TAX IF THE ,EGISLATURE WERE TO FUND HIGH SPEEDRAIL h4HE UNPOPULARITY OF THE MULTI BILLION DOLLAR PROJECT APPEARS TO BE NEGATIVELYAFFECTINGCHANCESOFVOTERS ENDORSINGTHE'OVERNORSTAX INCREASE PROPOSAL vTHE&IELD0OLLSTATES 4HOUGH 0ALO !LTO OFFICIALS LIKE THEIR COUNTERPARTS ELSEWHERE IN THE STATE ARE STILL PORING THROUGH THE BUDGET TRAILER BILL ON 4HURS (continued on page 8)

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City to overhaul waste plan 0ALO!LTOLOOKSTOREPLACE AGEDWASTEWATER TREATMENT PLANT DECIDEONTHEFUTURE OFCOMPOSTING by Gennady Sheyner S 0ALO !LTO PREPARES TO DRA MATICALLYCHANGEHOWITHAN DLES ITS WASTE CITY OFFICIALS AND RESIDENTS REMAIN AT ODDS OVER THEFUTUREOFLOCALCOMPOSTINGAND PROCESSINGOFFOODSCRAPSANDSEW AGESLUDGE "UT MOST PEOPLE INCLUDING THE #ITY#OUNCIL AGREED-ONDAYNIGHT *ULY THECITYNEEDSTOHAVEMUCH MOREINFORMATIONBEFOREITCANMAKE SUCHCOMPLEXDECISIONSANDSUPPORT EDANAMBITIOUSACTIONPLANAIMEDAT ARRIVINGATTHECRUCIALANSWERS 4HE PLAN WHICH THE COUNCIL AP PROVED BY AN   VOTE WITH 'AIL 0RICE ABSENT CENTERS ON TWO MAJOR WASTEOPERATIONSAT"YXBEE0ARKˆ THE OUTDATED WASTEWATER TREATMENT PLANT AND A WASTE TO ENERGY FACILITY THE CITY IS CONSIDERING BUILDING TO PROCESSYARDTRIMMINGS FOODWASTE AND POSSIBLY SEWAGE SLUDGE 4HE CITYSGOALISTODECIDEBYEARLY WHETHERTOBUILDTHELATTER KNOWNAS ANANAEROBICDIGESTER 4HE COUNCIL ACKNOWLEDGED -ON DAYTHATTHECITYHASMOUNDSOFHOME WORKTODOBEFOREITWOULDBEABLETO DECIDEONTHEFUTUREOFTHE2EGIONAL 7ATER 1UALITY #ONTROL 0LANT WHICH SERVES0ALO!LTO 3TANFORD5NIVERSITY -OUNTAIN6IEW ,OS!LTOS ,OS!LTOS (ILLSANDTHE%AST0ALO!LTO3ANITARY $ISTRICT4HEFACILITYUSESINCINERATORS TO BURN SEWAGE FORCING THE CITY TO THENSHIPHAZARDOUSASHTOALANDFILL 4HEAGEDPLANTISALSOSHOWINGhSIGNS OFEXTREMEWEAR vACCORDINGTO0HIL "OBEL ASSISTANTDIRECTOROFTHE0UBLIC 7ORKS$EPARTMENT 4HEPROCESSOFRETIRINGTHEINCIN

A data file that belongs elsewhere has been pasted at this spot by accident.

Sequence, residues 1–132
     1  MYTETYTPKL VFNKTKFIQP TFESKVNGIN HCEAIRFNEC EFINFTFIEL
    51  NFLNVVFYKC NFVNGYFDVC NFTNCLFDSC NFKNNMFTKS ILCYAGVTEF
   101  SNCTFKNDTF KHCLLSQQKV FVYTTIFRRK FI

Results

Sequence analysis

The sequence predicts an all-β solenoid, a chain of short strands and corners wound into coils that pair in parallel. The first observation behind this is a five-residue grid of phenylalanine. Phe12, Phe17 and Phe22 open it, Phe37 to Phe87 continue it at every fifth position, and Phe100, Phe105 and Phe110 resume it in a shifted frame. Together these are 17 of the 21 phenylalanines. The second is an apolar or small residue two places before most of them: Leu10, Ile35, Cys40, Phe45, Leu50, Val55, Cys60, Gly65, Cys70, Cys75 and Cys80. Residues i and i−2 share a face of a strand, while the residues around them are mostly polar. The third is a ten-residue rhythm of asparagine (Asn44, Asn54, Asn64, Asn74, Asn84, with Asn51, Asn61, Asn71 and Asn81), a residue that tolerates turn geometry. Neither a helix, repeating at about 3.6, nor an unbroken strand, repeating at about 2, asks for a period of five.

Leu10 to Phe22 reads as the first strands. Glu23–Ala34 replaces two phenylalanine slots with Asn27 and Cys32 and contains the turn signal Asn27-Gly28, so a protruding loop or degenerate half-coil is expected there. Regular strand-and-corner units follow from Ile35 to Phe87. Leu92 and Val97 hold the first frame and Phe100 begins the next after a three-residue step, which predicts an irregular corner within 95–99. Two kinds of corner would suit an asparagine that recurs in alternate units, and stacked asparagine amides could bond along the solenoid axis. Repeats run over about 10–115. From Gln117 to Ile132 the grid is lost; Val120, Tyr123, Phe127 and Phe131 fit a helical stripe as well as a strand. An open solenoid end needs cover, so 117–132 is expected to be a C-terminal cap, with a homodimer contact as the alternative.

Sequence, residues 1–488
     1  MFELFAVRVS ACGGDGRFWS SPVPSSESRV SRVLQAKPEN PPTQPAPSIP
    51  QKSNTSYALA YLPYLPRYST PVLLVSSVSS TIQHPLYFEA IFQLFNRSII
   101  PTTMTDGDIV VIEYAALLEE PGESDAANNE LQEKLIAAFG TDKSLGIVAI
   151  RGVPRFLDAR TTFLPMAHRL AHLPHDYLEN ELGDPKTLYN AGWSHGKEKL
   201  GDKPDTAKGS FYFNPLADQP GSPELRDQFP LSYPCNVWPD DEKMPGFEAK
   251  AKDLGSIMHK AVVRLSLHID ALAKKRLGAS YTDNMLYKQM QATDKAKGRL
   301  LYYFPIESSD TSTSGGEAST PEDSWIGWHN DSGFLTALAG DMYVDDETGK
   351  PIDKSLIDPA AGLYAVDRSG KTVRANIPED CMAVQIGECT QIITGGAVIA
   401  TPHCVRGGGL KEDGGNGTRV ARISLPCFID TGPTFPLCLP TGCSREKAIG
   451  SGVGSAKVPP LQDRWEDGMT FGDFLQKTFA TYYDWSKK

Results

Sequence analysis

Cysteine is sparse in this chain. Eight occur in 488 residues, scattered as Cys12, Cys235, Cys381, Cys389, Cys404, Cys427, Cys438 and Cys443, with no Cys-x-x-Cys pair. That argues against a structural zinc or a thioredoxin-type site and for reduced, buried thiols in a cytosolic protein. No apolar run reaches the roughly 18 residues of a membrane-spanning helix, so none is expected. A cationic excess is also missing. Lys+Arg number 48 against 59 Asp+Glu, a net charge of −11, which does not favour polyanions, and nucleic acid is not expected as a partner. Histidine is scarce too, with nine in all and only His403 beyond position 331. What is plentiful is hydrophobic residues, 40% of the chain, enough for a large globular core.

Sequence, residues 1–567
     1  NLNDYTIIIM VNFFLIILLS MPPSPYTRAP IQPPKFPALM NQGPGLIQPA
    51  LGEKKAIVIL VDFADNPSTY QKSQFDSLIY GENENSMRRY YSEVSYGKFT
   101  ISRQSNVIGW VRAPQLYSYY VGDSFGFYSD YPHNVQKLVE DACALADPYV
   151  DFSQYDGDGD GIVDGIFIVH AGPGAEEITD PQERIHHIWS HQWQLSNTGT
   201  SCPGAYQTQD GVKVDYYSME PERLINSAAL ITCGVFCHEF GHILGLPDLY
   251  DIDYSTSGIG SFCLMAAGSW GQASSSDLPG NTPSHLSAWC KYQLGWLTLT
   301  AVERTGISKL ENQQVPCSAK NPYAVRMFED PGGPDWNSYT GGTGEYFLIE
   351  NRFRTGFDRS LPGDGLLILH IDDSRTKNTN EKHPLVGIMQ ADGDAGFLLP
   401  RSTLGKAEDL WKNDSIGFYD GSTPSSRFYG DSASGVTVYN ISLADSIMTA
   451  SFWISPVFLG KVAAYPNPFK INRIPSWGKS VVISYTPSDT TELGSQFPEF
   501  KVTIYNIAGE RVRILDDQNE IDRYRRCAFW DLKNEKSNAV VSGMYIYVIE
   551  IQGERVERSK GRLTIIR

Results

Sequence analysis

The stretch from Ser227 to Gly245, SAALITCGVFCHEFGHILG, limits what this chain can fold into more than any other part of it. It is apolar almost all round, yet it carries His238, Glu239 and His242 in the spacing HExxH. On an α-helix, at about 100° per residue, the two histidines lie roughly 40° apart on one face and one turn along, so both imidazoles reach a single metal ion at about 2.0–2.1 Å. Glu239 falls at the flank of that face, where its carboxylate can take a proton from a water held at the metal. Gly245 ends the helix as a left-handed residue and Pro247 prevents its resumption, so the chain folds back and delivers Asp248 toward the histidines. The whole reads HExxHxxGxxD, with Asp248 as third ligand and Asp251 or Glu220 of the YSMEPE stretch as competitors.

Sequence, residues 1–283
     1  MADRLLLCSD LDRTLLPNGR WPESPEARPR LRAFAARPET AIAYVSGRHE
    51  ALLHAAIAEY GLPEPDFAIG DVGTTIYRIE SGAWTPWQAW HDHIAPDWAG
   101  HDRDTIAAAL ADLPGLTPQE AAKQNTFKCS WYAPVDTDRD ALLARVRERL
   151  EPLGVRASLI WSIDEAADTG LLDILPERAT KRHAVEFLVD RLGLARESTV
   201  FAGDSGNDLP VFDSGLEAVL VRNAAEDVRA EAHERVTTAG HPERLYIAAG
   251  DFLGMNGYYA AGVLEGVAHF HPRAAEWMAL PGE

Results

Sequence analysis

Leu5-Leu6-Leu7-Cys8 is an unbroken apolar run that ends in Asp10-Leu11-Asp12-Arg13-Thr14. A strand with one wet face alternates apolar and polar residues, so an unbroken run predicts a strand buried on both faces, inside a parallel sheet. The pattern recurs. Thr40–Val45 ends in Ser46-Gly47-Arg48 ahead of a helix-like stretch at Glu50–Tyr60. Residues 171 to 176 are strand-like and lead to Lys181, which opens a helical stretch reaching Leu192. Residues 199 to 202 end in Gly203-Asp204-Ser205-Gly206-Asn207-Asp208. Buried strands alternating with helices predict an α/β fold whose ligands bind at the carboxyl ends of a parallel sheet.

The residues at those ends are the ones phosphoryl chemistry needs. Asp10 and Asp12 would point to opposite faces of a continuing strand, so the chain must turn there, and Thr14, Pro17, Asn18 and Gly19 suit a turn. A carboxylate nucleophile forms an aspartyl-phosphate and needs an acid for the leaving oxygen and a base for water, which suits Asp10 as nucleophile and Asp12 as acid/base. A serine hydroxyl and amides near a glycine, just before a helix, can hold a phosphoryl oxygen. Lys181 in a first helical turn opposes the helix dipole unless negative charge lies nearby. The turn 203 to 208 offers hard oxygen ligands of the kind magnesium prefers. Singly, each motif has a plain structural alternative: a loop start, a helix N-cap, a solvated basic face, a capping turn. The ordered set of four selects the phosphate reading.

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Veronica Weber

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ACCESS vSTATE!SSEMBLYMAN2ICH 'ORDON$ -ENLO0ARK SAIDTHIS WEEK'ORDONSITSONTHE!SSEM BLYS#OMMITTEEON(EALTH WHICH IS HELPING SHAPE HOW THE FEDERAL ACTISEXECUTEDIN#ALIFORNIA h7EVE GOT A CERTAIN NUMBER OF CLINICS DOCTORS AND HOSPITALS 7EARENOTINCREASINGTHOSE AND WEAREINCREASINGTHENUMBEROF PEOPLE COMING TO RECEIVE CARE v HESAID ,EGISLATORS ARE WORKING ON DI RECTINGFEDERALGRANTSTOCOMMU NITYCLINICSTOADDRESSTHEGROWING DEMAND 4HE STATE HAS RECEIVED MILLIONTOCREATECOMMUNI TYHEALTHCENTERSITESINMEDICALLY UNDERSERVED AREAS ACCORDING TO 'ORDONSOFFICE !DDITIONALFEDERALGRANTSCOULD

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(continued on page 7)

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Upfront

A free event for seniors

PUBLISHER William S. Johnson

A fresh approach!

Saturday, July 28 11 a.m. - 2 p.m. Palo Alto Medical Foundation 795 El Camino Real, Palo Alto Hearst Conference Center & Courtyard Come enjoy: ‡ Educational Seminars* ‡ Music & Art by Seniors ‡ Gardening Demos ‡ Vendor Booths ‡ Food Tastings ‡ Raffle Prizes

*Special movie screening

from 2:30 - 4:15 p.m. of “How to Live Forever� sponsored by LYFE Kitchen

*Limited seating! To guarantee a seat at an educational seminar and/or the movie, RSVP to pamf.org/successfulaging or call (650) 853-4873.

Partnering together for better health!

EDITORIAL Jocelyn Dong, Editor Carol Blitzer, Associate Editor Keith Peters, Sports Editor Tyler Hanley, Express™ and Online Editor Rebecca Wallace, Arts & Entertainment Editor Rick Eymer, Assistant Sports Editor Tom Gibboney, Spectrum Editor Sue Dremann, Chris Kenrick, Gennady Sheyner, Staff Writers Eric Van Susteren, Editorial Assistant, Internship Coordinator Veronica Weber, Staff Photographer Dale F. Bentson, Colin Becht, Peter Canavese, Kit Davey, Iris Harrell, Sheila Himmel, Chad Jones, Karla Kane, Kevin Kirby, Jack McKinnon, Jeanie K. Smith, Susan Tavernetti, Contributors Helen Carefoot, Junesung Lee, Maytal Mark, Bryce Druzin, Lauren-Marie Sliter, Dean McArdle Editorial Interns DESIGN Shannon Corey, Design Director Linda Atilano, Diane Haas, Scott Peterson, Paul Llewellyn, Senior Designers Lili Cao, Designer